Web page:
|Jeff Sessions and Donald Trump
In an administration that has been filled with job-dropping moments, this one might have moved to the top of the list. From a CNN report, based on a Trump interview with The New York Times:
President Donald Trump said in an interview published Wednesday that he would not have chosen Jeff Sessions to be his attorney general had he known Sessions would recuse himself over matters related to the 2016 presidential campaign.
Trump's remarks, in a 50-minute interview with The New York Times, represent an extraordinary rebuke from the President toward the nation's top law enforcement official who happens to be one of his earliest political allies.
"Jeff Sessions takes the job, gets into the job, recuses himself, which frankly I think is very unfair to the President," Trump said, referring to himself. "How do you take a job and then recuse yourself? If he would have recused himself before the job, I would have said, 'Thanks, Jeff, but I'm not going to take you.' It's extremely unfair -- and that's a mild word -- to the President."
We know Sessions has no problem taking corrupt actions. As U.S. attorney for the Southern District of Alabama, he made it a practice to prosecute political opponents. As Alabama attorney general, Sessions hired the nephew of a black federal judge to force the judge's recusal in a case where the AG's office was accused of gross prosecutorial misconduct. That move adds to Sessions' already dubious record on matters of race, and a federal court has described the hiring of an attorney simply to force a judge's recusal as a "breach of ethics."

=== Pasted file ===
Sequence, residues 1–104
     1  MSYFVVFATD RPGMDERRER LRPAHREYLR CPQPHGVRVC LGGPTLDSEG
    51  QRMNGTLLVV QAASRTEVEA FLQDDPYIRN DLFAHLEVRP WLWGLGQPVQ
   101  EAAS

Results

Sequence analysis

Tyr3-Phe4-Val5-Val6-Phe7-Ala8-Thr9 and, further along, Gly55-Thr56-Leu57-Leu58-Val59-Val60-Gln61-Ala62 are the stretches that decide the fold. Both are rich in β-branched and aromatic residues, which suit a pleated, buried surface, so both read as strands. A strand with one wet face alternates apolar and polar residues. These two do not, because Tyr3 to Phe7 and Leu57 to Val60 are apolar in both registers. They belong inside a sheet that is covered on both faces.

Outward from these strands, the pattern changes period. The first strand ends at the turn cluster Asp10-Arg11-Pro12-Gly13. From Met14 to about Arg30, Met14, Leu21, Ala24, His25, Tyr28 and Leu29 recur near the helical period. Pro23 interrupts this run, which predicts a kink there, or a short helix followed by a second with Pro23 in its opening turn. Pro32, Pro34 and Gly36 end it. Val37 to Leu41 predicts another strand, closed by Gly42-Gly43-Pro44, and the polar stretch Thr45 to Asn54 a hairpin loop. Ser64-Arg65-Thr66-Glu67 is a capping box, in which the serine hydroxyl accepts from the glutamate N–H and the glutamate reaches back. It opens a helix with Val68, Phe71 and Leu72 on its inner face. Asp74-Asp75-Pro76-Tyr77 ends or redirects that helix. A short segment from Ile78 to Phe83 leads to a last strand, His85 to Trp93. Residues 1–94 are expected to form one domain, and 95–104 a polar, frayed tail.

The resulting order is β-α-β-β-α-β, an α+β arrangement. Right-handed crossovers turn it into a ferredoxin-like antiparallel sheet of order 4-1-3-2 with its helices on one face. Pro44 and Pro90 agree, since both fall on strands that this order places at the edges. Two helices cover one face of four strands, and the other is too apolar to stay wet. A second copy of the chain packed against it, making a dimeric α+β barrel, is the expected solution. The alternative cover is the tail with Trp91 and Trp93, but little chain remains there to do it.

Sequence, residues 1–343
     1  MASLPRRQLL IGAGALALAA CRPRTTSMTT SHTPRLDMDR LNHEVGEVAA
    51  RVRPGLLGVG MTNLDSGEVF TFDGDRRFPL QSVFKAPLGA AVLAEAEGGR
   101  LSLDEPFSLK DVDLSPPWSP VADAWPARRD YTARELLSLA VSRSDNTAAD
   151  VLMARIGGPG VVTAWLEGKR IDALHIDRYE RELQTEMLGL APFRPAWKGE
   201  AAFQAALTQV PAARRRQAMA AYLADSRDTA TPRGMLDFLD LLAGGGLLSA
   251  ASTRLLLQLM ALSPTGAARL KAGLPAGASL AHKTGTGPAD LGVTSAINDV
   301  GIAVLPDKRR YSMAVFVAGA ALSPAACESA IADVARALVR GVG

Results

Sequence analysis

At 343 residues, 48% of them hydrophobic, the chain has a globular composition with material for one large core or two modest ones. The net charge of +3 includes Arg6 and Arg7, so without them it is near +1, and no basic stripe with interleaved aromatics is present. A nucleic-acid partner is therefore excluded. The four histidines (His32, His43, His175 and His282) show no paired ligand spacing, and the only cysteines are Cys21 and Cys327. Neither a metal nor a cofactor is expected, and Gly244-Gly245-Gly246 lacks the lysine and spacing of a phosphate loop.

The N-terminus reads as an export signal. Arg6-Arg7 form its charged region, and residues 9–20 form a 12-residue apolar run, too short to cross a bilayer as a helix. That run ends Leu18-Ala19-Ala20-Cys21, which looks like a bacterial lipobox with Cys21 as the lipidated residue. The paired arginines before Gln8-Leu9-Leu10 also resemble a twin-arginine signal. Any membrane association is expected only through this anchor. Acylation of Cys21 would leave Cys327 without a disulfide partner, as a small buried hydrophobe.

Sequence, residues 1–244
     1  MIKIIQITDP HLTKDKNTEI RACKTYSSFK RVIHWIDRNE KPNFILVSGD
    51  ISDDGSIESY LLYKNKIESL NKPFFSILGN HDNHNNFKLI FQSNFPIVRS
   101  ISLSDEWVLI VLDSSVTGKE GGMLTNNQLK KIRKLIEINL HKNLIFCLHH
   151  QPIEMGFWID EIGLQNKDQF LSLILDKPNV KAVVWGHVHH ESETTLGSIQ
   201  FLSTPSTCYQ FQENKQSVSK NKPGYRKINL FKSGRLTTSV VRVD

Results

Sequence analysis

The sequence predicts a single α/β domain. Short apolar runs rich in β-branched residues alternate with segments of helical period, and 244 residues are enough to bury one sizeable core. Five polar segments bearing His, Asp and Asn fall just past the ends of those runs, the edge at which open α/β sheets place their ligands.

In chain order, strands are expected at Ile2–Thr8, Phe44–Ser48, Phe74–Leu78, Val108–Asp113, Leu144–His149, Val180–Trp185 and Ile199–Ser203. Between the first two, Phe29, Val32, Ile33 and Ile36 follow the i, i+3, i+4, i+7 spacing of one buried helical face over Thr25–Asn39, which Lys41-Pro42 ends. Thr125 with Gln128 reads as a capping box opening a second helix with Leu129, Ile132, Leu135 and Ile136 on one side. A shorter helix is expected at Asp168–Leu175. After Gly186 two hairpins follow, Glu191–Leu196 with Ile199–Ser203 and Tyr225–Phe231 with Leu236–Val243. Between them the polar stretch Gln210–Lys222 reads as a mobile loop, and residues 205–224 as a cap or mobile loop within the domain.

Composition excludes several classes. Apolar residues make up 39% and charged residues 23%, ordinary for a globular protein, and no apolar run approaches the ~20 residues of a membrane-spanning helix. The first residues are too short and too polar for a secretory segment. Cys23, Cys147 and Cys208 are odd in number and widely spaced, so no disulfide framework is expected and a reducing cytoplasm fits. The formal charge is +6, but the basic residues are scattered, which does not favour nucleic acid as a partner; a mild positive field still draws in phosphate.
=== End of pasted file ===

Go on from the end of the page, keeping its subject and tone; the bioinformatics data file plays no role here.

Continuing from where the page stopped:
Trump now is having "buyer's remorse" about Sessions. It seems Trump didn't want an attorney general who merely was corrupt -- he wanted one who was really corrupt, one who would take unlawful steps to protect a crime-infested administration.
Has Trump forgotten that Sessions got caught lying in his confirmation hearings about meetings with Russian officials? Has Trump forgotten that Sessions' false answer to a question from U.S. Sen. Al Franken (D-MN) pretty much forced the AG to recuse himself from all matters connected to various investigations of Trump's ties to Russia? No, Trump has not forgotten; but he views the Sessions quagmire in his usual twisted, self-interested way. From CNN:
Before Trump had a lock on the Republican nomination last year, Sessions became the first sitting senator to back the real estate mogul's presidential bid.
But several months into the job, Trump's warm feelings for Sessions have clearly cooled. In the interview, Trump scolded Sessions for telling the Senate judiciary committee that he had not met with any Russians during the campaign. It was later revealed he had met with Sergey Kislyak, the Russian ambassador to the US, at least two times.
Sessions later amended his testimony.
"Jeff Sessions gave some bad answers," the President said. "He gave some answers that were simple questions and should have been simple answers, but they weren't."
To have Donald Trump scold you for telling lies? That makes the mind swirl.
Trump's statements reveal a level of narcissism and dishonesty that is almost painful to contemplate. What do his statements suggest?
(1) That Trump knew an investigation was coming of his campaign's interactions with Russian interests;
(2) That Trump knew such an investigation could spell big trouble, so he needed someone to protect him and his inner circle;
(3) That Trump expected the AG to serve as his protector, not as "the people's lawyer."
(4) That Trump has no clue about the independence of the Department of Justice, that the DOJ is not supposed to take instructions from the White House on the handling of investigations or prosecutions.